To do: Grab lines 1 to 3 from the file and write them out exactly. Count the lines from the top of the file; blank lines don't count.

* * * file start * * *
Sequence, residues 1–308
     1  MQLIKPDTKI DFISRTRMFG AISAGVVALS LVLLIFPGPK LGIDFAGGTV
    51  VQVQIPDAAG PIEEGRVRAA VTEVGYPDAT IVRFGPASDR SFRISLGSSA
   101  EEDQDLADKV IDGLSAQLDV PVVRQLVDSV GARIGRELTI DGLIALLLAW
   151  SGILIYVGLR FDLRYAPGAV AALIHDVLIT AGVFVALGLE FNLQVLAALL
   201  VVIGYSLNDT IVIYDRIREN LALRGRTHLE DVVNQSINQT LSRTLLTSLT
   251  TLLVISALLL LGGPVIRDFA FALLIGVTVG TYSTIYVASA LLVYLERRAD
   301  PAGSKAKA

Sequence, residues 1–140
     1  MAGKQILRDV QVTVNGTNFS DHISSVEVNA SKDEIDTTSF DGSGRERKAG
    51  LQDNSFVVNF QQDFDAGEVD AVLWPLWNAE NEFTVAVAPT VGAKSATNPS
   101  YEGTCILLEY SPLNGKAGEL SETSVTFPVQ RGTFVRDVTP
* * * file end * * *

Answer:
Sequence, residues 1–308
     1  MQLIKPDTKI DFISRTRMFG AISAGVVALS LVLLIFPGPK LGIDFAGGTV
    51  VQVQIPDAAG PIEEGRVRAA VTEVGYPDAT IVRFGPASDR SFRISLGSSA